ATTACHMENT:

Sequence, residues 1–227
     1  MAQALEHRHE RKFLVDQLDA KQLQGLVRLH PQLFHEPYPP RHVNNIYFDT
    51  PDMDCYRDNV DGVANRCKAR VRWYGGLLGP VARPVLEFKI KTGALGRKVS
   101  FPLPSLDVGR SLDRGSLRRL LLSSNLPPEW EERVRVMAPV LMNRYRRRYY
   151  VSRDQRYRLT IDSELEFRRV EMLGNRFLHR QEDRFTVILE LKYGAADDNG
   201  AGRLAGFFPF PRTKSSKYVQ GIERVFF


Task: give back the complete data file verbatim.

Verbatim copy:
Sequence, residues 1–227
     1  MAQALEHRHE RKFLVDQLDA KQLQGLVRLH PQLFHEPYPP RHVNNIYFDT
    51  PDMDCYRDNV DGVANRCKAR VRWYGGLLGP VARPVLEFKI KTGALGRKVS
   101  FPLPSLDVGR SLDRGSLRRL LLSSNLPPEW EERVRVMAPV LMNRYRRRYY
   151  VSRDQRYRLT IDSELEFRRV EMLGNRFLHR QEDRFTVILE LKYGAADDNG
   201  AGRLAGFFPF PRTKSSKYVQ GIERVFF